August 20, 2014 - 12:38 pm
As the Interstate 11 project inches closer to groundbreaking, Boulder City is trying to draw more people in by changing an important street name in town.
Boulder City Chamber of Commerce CEO Jill Rowland-Lagan said the city hopes to get the name change approved for the U.S. Highway 93 Business Route, also known as Nevada Highway. The change would incorporate “Boulder City” into the name with the intent of boosting local businesses along the busy strip.
Boulder City Boulevard and Boulder City Parkway are the two options the city is exploring.
“We need to get the name Boulder City up there,” Rowland-Lagan said.
Rowland-Lagan said it’s important to have Boulder City as part of the name, especially since the Boulder City bypass is scheduled to be completed by 2017.
“Would you know that you needed to get off on Business 93 if you just happened to be driving through town?” she told a group of business owners during a July meeting to discuss advertising for I-11.
“If it said Boulder City Parkway or Boulder City Boulevard, it would make a lot more sense,” she added.
Dee Steinman, who works at Erick Begay Native American Jewelry, said it would be more beneficial if the city incorporated “Hoover Dam” into the new name as opposed to Boulder City. Many of her customers are either headed to or coming back from Hoover Dam, she said.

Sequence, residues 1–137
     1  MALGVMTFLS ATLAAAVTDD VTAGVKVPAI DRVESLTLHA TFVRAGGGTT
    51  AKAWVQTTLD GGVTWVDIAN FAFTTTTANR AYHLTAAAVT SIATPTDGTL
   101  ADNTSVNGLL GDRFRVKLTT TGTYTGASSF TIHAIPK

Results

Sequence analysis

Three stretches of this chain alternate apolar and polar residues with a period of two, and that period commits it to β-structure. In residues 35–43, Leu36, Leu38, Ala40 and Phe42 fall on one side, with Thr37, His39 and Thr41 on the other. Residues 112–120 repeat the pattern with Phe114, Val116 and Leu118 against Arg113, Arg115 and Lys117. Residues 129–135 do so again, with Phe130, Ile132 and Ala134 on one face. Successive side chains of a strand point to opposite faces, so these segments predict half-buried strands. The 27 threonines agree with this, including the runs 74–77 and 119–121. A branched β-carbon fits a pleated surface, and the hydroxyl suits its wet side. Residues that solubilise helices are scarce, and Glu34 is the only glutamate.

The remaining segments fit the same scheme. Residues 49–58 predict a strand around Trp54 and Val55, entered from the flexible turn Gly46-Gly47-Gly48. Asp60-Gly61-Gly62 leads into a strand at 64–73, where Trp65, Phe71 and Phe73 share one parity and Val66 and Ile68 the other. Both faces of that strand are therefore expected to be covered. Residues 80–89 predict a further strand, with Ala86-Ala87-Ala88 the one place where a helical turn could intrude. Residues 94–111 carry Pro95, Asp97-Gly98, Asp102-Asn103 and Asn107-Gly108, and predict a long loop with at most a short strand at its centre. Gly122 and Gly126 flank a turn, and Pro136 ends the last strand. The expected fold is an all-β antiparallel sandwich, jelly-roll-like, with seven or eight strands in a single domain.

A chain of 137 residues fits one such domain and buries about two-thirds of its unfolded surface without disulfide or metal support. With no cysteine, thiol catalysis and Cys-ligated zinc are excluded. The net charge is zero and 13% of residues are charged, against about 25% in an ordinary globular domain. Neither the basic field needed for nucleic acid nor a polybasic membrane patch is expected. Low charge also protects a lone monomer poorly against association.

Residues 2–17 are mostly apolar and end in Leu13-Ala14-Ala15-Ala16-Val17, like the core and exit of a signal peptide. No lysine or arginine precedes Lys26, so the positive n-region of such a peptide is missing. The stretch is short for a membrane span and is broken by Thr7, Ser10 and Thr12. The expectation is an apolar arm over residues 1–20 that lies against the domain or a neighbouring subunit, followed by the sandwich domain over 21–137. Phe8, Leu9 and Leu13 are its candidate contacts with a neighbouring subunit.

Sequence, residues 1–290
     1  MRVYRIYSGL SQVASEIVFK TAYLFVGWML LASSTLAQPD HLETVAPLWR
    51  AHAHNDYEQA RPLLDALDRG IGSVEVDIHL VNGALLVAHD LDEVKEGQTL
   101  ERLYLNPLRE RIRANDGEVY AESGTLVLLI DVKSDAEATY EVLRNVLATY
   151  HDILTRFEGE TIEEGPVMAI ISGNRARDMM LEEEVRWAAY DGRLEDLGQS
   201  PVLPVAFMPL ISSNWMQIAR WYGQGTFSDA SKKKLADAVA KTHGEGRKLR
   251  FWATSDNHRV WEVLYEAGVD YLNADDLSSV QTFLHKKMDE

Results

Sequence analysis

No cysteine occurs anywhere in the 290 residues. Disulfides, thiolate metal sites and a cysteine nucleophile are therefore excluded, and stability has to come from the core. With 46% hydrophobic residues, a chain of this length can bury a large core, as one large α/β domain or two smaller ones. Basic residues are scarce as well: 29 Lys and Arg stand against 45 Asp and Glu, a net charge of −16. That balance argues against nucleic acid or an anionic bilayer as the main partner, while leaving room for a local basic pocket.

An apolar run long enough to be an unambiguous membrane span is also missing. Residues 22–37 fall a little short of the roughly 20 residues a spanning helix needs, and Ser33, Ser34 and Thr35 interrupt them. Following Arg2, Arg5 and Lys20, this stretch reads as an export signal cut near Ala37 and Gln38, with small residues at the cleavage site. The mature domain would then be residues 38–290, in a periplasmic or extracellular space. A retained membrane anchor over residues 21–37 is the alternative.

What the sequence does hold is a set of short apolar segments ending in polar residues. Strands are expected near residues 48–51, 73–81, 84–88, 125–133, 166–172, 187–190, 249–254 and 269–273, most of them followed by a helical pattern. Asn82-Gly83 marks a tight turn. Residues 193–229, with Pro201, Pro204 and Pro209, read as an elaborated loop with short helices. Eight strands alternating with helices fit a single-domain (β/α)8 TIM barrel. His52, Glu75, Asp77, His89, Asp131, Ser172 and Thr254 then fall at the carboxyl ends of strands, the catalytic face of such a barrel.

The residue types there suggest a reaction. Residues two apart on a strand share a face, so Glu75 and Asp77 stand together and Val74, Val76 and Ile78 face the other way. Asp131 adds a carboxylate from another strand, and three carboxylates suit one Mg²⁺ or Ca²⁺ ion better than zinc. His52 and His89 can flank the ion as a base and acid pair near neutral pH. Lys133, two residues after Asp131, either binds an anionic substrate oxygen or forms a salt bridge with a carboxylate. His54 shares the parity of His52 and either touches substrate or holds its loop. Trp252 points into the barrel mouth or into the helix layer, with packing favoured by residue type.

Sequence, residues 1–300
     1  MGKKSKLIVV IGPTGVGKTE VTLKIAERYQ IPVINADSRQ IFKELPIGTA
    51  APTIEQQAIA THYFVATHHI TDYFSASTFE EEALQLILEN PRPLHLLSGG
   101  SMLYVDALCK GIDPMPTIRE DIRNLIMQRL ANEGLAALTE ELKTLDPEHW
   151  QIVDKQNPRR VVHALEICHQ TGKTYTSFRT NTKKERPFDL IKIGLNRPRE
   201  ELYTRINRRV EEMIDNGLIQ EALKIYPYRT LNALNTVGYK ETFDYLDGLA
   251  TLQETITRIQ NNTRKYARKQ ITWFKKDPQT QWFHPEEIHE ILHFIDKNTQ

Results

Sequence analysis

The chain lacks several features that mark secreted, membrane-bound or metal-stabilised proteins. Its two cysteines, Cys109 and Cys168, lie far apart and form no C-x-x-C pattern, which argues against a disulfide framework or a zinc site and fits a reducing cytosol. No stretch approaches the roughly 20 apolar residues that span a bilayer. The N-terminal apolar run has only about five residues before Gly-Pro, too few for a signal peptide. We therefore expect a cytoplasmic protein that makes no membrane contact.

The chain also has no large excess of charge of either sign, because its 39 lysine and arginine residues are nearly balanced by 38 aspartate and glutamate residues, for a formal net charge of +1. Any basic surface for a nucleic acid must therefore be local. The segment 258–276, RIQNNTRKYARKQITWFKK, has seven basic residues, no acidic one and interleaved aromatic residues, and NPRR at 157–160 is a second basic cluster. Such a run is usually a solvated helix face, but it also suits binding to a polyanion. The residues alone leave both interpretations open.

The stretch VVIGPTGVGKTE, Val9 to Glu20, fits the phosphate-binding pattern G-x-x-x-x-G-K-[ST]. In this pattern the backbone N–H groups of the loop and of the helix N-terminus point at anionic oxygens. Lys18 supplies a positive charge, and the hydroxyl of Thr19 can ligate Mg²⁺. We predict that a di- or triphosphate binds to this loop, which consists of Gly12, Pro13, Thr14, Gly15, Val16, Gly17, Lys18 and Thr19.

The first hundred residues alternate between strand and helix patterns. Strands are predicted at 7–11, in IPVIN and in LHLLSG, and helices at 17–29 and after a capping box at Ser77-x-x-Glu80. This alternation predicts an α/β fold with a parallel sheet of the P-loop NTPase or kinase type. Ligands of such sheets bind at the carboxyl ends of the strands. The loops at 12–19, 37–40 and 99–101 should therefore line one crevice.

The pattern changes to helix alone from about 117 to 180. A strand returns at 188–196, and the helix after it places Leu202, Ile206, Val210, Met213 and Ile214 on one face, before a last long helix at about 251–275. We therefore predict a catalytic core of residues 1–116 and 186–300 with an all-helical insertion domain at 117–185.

As a business that also travels across the country, Steinman said some of the customers she talks to think it’s from Boulder, Colo., instead of Boulder City in Nevada.
“They look at me like, ‘Where is that?’ ” she said. “I tell them ‘It’s near Las Vegas, but do you know where Hoover Dam is?’ And they say, ‘Oh yeah, that little town.’ So that’s how they know.”
Steinman said she didn’t know if renaming the U.S. 93 Business Route to Boulder City Parkway would have an effect on local businesses along the road, but said she could see a drawback from an ownership aspect since local business owners would have to create new business cards and brochures.
Still, she thinks the name Hoover Dam would have a longer-lasting effect.
“It’s on the map. They like it, they want to go see it because they know about Hoover Dam,” she said.
Jill Quatrale, owner of Chilly Jilly’z, said it’ll be an inconvenience having to remake business cards and brochures, but still views the potential name change as a plus.
“I think it’s a good thing,” she said. “I think it will give some diversity to the areas that we operate in Boulder City, so people will know more about it. But as long as your physical location hasn’t changed, it’s not much of a challenge.”
As for the effect the name change could have on local businesses, Quatrale remains indifferent.
“It’s really hard to say, because you don’t know until the change happens,” she said. “But you always hope the change could be positive.”
The Boulder City Council will decide on the name change at Tuesday’s meeting. If approved, the city would send an application to the Nevada Transportation Department.
The department said Wednesday that the name would officially remain the same, but the local designation of the road would change.
The change would likely go into effect in about a year, Rowland-Lagan said.
City Manager Dave Fraser said the new name would be on five signs for drivers coming into Boulder City from Las Vegas and two signs coming from Arizona.
At the Sept. 9 council meeting, changing names of two other roads will be discussed, he said.
Contact reporter Steven Slivka at firstname.lastname@example.org or at 702-586-9401. Follow @StevenSlivka on Twitter.